Wednesday, July 20, 2011

HEY!! That’s it is..

That time of year again - and the saga continues. I have a personal hay field which has been cut and baled by a neighbor for years. I never know from one season to the next whether or not his services will be available, and it is not as though there is a lot of local competition for the privilege of doing it. The ideal cutting week (3rd week of June) came and went this year - the weather was not terribly cooperative and the person in question was simply not around. I began getting more and more troubled about what to do - it is a six acre field which contributes quite a bit to my annual needs, plus if it weren’t cut, then what? There would be no second cutting (although the bobolinks would be happy - their fledglings would have a rare chance to survive the haying season). Should I just brush hog it? Geez, how wasteful. Plus I had given the town permission to plant sugar maple saplings along the perimeter, to support the initiative of replacing the ancient (and decaying) sugar maples which line the major roads in Plainfield. Not only are they beautiful, but they have long contributed sap to the maple sugar houses in town. Now, however, new trees must be twenty feet back from the road (unlike the originals which are almost IN the road in many cases) so two sides of my field perimeter are dotted with these little trees and their support stakes - kind of an obstacle course for someone trying to cut.

Finally I broke down and begged another neighbor to help. He is among the busier humans on the planet, and I had no great hope that he would be able, but mirabile dictu he agreed, and so it happened. I never saw such a good job in my life. He cut between each little tree so cleanly that it looked like he used scissors, for pete’s sakes. And into the corners. And around the electric pole. It was beautiful to see. He tettered and tettered for several days - and then, the fell clutch of circumstance intervened and an unpredicted tiny micro-burst cell of rain came through. It poured buckets at his house, making puddles and rivulets, and he and his wife were in fits of worry and upset. So much so that they actually drove to my field to assess the damage, the dears, only to find that barely four miles away it had hardly drizzled. Kind of a heavy dew, no more. It was a miracle. The hay was perhaps a touch more brown than it would have been, but it was just fine. The horses (who constitute the acid test) like it very much.

Here’s the pisser. I had gotten (paid for) between six and eight hundred bales off that field for many years. This year - and there is no less hay - I got four hundred....

Thursday, July 7, 2011

Investment Opportunity

It has come to me that - in the future event when I have extra money - I should invest in companies which make applesauce and molasses. Horse people will know instantly why this is so - it is only remarkable that it has taken this long for me to reach the conclusion. Right now, for example, I am making noticeably more trips to the dump for my recyclables, since the dang boxes are overflowing with empty applesauce and molasses jars. And it never seems to be the ponies which need it - it is always the HUGE horses with their high dosages of icky and unpalatable powders which need the spoonful of sugar to make the medicine go down. Well, more like a quart. And it is a good thing we use many times the recommended number of fly predators - even though flies also love the stuff there just aren’t that many flies around, even in the heat.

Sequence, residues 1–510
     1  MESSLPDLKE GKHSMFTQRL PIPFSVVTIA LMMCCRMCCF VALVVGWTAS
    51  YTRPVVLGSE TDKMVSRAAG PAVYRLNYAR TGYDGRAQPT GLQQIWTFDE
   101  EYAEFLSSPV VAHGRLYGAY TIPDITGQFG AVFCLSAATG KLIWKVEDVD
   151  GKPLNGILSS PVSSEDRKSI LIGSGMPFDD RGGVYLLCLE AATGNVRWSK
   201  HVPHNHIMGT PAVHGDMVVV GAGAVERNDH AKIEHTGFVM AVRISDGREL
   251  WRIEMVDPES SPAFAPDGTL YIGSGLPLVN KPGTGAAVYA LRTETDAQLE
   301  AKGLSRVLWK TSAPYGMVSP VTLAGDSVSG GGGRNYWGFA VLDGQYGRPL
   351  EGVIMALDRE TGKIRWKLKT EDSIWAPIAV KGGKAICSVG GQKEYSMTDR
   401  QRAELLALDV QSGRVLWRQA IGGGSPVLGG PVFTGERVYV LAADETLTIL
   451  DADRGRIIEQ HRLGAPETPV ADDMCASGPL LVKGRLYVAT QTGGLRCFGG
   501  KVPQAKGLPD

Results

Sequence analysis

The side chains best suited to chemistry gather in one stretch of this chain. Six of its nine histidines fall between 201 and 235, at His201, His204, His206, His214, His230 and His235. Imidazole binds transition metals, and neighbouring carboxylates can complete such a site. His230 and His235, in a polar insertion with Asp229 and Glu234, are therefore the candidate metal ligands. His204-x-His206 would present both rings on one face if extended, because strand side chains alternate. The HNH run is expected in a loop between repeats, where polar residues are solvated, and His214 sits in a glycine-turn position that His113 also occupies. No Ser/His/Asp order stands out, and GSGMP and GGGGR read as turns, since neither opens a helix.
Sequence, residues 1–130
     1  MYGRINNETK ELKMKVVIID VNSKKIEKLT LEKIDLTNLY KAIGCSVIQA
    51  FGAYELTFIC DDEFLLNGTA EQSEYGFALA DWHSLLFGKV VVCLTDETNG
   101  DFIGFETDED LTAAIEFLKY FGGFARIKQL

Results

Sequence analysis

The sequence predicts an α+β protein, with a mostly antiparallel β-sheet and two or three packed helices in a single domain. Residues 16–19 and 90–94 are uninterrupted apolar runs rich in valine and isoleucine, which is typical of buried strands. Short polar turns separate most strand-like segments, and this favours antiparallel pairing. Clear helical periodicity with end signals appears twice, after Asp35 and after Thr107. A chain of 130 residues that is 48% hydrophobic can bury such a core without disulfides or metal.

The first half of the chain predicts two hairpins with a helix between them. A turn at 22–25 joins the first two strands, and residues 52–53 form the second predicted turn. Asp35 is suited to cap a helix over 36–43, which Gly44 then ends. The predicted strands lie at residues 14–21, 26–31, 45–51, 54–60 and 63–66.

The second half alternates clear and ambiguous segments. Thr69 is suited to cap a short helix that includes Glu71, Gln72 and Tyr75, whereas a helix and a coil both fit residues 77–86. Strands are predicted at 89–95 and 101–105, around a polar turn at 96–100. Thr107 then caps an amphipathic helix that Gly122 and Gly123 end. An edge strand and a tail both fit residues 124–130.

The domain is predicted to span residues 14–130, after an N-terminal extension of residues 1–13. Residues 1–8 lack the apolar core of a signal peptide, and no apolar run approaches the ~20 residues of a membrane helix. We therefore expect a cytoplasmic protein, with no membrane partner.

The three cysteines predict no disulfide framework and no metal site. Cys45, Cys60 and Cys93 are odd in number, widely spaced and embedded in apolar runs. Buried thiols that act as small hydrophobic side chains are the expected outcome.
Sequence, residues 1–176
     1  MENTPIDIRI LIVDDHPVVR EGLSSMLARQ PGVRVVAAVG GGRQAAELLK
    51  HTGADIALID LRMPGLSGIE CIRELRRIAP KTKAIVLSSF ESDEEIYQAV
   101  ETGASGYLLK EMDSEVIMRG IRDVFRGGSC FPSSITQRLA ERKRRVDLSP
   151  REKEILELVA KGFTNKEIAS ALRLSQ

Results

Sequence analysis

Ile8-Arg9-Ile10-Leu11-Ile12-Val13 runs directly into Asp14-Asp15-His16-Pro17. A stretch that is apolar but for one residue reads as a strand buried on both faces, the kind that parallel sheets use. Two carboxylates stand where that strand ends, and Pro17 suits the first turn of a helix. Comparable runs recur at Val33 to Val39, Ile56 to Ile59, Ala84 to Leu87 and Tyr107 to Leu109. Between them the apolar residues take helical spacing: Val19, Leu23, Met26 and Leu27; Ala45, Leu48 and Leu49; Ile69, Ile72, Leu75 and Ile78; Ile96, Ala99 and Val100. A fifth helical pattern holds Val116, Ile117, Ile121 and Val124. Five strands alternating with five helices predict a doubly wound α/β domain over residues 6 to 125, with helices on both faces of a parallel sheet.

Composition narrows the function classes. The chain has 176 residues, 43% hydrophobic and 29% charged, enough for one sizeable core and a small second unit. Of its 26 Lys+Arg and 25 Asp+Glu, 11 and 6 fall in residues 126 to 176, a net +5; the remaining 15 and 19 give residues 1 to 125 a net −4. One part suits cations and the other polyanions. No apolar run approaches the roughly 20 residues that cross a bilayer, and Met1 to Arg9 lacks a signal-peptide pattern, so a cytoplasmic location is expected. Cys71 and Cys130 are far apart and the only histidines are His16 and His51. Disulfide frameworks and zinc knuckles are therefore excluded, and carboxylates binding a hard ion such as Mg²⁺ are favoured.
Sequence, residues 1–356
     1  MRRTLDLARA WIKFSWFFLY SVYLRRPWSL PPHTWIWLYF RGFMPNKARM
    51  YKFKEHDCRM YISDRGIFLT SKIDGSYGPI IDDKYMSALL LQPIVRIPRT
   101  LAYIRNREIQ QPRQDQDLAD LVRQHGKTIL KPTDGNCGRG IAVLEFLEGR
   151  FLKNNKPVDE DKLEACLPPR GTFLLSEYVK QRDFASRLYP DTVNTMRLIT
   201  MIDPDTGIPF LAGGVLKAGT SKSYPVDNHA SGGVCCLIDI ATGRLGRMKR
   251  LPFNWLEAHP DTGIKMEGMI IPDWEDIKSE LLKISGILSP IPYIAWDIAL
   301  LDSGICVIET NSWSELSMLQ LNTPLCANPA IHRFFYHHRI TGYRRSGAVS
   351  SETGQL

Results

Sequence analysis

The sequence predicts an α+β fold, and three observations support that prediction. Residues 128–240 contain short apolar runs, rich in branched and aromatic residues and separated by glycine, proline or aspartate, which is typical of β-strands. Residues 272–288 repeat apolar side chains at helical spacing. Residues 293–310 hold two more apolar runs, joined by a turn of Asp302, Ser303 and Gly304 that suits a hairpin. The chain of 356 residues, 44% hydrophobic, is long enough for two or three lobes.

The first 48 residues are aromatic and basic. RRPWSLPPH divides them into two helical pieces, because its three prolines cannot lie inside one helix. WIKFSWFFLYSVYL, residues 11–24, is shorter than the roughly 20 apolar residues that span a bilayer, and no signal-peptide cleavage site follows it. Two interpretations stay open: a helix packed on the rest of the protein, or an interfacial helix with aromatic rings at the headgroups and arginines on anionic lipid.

Hay is a more difficult subject this year - I am practicing my mantra, to wit: If you don’t worry, then you won’t need to worry. Kind of esoteric, but it makes sense to me. And in the reaches of the night when things can be dark on every level, the mantra is handy. I certainly have enough in the barns for quite a while, but my comfort is in having them quite full by now and alas, it has not happened. The field which was to have suppled a huge quantity of my needs was cut a day late, in its 20 acre entirety, in spite of the fact that everyone (including the farmer) knew that weather was coming in. Sure enough, only a few hundred bales were possible, and I would not buy half of it since it was not dry enough, The rest of the cut hay was soaked, and then soaked again and again. Totally ruined. They don’t call it the heartbreak of farming for nothing - what a waste. The sodden rows are still there, silent in their mute reproach to bad luck and sad judgement every time I drive by.

The rain is making for extraordinary growth this year, though. The gardens are leaping out of the ground, and are very beautiful. And the pastures are bearing up nicely, I must say. There is still plenty of grass for everyone, and each morning the horses are in a good mood and hustle themselves out to their Happy Places - it is cute.

I am happy that the growth is so lush and beautiful for another reason, as well. We are planning an Open House here at Back Acres on Sept. 24th, and as I am a houseproud owner, it matters tremendously to me that the place look nice. And so it will - the grass will still be green at this rate, and the flowers thriving. Details of the event are in the new Mass. Horse and on the Back Acres Farm Facebook page - hope to see you then!